New Hampshire, USA — Four months after announcing it would put its U.S. wind business on the auction block, BP reportedly is calling off the prospective sale, saying that it has determined that the timing isn’t right — though the fate of that business remains undetermined.
After receiving an undisclosed number of bids, “the company has determined that now is not the right time to sell the business,” said Matt Hartwig, a spokesperson for BP America and its Alternative Energy business, in an e-mail exchange. He wouldn’t address details of the sale process, its participants, or the bids that BP received, which he characterized as “commercially sensitive.”
BP’s wind businesses here in the U.S. encompasses 2.6 gigawatts (GW) of generating capacity spread across 16 farms in operation across nine states (Texas, Indiana, Colorado, Kansas, California, South Dakota, Idaho, Hawaii, and Pennsylvania), with another ~2 GW of projects in development “nearly shovel-ready,” according to the company.
The sale proposed in April, part of an effort to refocus BP’s attention on oil and gas, had been dependent on what kind of “attractive offers” it could get for the wind business, according to Hartwig at the time. Bloomberg New Energy Finance calculated a valuation of roughly $4-$5 billion for BP’s U.S. wind portfolio, assuming a value per wind farm of $1.5-$2.0 million per megawatt. Daniel Phillip Sinaiko, a partner at AkinGump Strauss Hauer & Feld, attributed a far lower value at around $1.5 million, though he acknowledged that the sale ” seemed to be well-timed” to take advantage of “low interest rates, high demand for assets with stable cash flows and a shortage of contracted wind power projects.”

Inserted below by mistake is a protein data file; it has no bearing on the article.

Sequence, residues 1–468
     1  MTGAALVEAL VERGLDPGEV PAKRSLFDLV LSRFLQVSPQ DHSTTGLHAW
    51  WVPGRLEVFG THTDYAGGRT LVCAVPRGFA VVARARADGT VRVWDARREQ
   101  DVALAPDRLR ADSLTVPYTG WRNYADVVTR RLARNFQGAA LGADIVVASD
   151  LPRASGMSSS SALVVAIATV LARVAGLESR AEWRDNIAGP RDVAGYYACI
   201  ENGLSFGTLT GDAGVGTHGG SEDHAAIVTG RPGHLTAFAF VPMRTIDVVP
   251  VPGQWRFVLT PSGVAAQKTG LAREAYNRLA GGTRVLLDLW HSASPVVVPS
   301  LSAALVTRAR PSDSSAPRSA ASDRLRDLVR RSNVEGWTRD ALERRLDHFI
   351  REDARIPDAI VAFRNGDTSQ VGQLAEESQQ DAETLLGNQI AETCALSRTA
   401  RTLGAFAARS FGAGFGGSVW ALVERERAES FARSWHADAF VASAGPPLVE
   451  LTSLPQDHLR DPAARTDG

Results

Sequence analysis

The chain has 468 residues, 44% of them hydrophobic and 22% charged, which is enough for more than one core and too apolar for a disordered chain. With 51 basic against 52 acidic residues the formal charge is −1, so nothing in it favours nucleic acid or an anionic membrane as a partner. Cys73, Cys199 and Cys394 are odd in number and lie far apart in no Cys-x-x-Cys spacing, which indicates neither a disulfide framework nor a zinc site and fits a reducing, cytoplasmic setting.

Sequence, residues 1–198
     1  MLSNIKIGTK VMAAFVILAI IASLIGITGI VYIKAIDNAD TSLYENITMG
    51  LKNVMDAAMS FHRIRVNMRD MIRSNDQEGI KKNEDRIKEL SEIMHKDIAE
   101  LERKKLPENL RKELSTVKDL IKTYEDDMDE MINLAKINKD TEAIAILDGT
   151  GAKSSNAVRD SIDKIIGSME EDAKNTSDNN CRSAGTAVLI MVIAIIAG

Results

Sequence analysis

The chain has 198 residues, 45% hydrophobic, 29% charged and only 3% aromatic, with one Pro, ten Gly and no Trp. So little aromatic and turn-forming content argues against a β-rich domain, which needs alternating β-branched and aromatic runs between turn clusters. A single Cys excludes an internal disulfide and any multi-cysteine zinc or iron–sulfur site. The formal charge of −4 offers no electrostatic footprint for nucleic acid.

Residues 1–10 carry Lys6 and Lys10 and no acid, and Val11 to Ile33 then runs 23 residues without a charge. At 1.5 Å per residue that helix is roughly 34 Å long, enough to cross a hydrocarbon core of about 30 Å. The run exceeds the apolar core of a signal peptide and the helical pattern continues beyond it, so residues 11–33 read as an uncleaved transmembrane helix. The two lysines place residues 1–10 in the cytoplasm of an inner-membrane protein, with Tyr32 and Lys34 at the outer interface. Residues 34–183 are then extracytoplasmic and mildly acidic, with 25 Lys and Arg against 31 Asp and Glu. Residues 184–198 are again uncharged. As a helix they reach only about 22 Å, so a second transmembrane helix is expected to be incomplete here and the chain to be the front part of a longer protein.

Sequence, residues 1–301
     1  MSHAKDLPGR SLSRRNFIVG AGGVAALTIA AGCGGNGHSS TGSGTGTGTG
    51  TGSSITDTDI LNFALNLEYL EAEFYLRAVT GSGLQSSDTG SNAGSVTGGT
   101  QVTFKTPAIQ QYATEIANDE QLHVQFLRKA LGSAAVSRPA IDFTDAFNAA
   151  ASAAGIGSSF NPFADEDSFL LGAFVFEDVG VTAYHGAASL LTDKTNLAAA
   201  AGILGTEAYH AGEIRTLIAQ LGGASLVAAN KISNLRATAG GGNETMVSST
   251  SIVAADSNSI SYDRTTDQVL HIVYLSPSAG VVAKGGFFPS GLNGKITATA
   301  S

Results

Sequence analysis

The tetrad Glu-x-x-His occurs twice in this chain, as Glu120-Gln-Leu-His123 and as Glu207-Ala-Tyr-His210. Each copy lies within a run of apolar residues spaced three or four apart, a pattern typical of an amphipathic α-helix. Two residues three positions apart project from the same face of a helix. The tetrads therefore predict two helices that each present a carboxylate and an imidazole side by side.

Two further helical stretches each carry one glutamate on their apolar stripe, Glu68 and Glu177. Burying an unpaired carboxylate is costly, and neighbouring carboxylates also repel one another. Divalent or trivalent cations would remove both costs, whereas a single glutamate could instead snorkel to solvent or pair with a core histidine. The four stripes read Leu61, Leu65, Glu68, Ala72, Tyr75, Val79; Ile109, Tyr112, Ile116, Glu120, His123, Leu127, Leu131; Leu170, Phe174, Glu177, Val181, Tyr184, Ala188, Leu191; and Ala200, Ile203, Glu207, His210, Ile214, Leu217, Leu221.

For now, BP’s “focus will remain on safely maximizing the financial and operational performance of the existing assets,” according to Hartwig. In April he had emphasized that seeking to sell the U.S. wind business was “not an exit from alternative energy,” pointing to the company’s biofuel efforts Brazil, the U.S., and the U.K. But those are for transportation fuels, so the divestiture of the U.S. wind business essentially would be an end to the company’s pursuit of renewable energy for electricity generation, having already shut down its solar operations and sold off its wind interests in India.
Lead image: Rejecting an offer of money, via Shutterstock